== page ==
# Find upper and lower bounds for the finite sum

Find upper and lower bound for the following finite sum:

$$\frac{1}{1} + \frac{1}{2^3} + \frac{1}{3^3} + ··· + \frac{1}{n^3}$$

My attempt is: Using the integral test:

we know that $$\frac{1}{1} + \frac{1}{2^3} + \frac{1}{3^3} + ··· + \frac{1}{n^3}$$ = $$\sum_{i=1}^n 1/i^3$$ = $$\int_1^n$$1/$$i^3$$di = $$\int_1^n1/x^3$$dx = $$-1/2n^2$$ + $$1/2$$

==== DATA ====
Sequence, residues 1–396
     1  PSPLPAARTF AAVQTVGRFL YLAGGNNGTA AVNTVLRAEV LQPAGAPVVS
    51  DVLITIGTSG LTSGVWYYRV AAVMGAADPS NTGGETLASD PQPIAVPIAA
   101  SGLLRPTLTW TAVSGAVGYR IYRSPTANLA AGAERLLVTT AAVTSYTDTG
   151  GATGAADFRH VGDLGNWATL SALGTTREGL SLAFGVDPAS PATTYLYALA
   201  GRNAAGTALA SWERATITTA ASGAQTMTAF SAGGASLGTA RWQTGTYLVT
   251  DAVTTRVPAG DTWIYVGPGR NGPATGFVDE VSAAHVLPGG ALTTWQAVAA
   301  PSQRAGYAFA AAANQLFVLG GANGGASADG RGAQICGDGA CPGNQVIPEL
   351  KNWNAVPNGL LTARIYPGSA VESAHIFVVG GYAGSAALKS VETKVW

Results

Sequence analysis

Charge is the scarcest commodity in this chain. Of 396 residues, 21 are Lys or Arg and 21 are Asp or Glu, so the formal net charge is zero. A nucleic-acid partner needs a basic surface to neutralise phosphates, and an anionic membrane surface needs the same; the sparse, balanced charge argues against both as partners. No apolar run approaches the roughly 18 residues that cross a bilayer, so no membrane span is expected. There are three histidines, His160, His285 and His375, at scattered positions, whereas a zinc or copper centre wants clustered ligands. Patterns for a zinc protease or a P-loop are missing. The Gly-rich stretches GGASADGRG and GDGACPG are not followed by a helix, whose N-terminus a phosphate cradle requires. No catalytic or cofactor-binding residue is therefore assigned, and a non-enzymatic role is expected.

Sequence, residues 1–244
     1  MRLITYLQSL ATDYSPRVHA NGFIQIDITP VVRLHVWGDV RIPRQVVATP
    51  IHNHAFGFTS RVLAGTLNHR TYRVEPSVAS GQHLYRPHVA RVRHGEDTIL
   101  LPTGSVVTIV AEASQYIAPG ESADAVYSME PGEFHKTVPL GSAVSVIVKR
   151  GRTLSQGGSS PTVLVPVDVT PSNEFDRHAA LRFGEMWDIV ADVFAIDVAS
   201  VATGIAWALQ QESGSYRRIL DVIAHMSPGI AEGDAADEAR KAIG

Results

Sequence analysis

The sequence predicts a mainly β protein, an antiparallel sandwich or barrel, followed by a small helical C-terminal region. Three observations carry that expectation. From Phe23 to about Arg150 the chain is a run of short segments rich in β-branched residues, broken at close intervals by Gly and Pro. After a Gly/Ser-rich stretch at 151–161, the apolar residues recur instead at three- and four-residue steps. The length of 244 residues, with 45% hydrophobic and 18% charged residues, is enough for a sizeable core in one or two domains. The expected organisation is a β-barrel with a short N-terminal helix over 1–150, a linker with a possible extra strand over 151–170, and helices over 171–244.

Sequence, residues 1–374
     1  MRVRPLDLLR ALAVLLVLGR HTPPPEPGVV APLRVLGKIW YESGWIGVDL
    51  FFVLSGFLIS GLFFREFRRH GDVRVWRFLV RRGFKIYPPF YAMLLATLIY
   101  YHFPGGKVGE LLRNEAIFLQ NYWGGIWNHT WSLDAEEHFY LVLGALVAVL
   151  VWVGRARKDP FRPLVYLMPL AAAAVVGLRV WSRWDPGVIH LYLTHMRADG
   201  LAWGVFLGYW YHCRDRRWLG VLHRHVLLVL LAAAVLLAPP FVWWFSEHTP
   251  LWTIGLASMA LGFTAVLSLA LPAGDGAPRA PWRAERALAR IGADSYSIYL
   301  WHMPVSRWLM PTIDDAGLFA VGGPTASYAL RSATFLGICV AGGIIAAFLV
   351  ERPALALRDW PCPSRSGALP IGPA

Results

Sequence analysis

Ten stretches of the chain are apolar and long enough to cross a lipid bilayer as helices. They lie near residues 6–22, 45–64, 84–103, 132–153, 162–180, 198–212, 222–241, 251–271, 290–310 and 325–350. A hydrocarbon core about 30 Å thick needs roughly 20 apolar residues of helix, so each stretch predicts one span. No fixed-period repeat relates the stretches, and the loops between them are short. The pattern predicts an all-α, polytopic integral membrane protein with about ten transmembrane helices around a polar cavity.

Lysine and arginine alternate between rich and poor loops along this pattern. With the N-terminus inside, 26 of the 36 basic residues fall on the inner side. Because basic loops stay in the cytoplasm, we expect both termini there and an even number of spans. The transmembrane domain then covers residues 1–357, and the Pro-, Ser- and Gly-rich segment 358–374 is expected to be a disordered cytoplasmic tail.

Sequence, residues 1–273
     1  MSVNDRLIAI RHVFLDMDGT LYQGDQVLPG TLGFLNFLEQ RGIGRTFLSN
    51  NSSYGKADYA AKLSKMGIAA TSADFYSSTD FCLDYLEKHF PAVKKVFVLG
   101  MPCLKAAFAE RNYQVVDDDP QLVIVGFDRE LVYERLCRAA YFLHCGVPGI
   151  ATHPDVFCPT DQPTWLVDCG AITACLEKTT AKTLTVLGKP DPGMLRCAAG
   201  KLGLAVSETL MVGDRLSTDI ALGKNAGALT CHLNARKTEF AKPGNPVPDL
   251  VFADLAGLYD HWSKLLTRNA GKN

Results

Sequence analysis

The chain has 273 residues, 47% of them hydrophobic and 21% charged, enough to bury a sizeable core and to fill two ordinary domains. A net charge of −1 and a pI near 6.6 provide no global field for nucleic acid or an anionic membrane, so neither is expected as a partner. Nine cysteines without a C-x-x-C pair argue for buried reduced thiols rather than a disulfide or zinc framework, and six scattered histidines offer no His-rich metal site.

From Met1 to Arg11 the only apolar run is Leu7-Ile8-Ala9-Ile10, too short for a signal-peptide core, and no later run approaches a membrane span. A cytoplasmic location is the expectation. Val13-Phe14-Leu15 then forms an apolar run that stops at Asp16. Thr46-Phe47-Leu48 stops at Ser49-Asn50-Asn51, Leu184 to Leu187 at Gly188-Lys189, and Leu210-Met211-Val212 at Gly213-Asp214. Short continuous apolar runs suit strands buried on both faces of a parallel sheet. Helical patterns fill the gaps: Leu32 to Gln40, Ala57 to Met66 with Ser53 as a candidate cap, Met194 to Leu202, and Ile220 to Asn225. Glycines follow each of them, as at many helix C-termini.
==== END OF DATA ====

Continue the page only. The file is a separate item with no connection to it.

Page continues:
But now I'm stuck. How can this test give the lower and upper bouunds? Any help please?

The picture below shows how to do it. Best to separate off the initial $$1$$ and take the sum from $$a=2$$ to $$b=n,$$ because the upper bound direction needs an integral beginning at $$a-1.$$
typeset, given $$f > 0$$ and $$f' < 0,$$ we get $$\int_a^{b+1} \; f(x) \; dx \; < \sum_{j=a}^b \; f(j) < \int_{a-1}^b \; f(x) \; dx$$